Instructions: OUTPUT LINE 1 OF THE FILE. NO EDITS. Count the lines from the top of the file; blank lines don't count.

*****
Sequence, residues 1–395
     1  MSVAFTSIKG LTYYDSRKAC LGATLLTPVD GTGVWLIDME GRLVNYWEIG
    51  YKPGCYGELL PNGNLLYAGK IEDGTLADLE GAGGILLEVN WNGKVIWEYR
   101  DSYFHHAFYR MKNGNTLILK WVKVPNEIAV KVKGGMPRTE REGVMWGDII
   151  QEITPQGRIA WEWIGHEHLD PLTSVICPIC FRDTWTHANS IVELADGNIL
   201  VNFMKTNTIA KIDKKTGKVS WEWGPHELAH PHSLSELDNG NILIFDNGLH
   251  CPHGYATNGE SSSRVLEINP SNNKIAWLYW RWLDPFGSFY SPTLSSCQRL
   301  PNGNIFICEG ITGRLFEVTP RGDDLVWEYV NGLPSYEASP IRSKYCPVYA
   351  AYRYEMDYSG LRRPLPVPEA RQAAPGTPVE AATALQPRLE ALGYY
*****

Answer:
Sequence, residues 1–395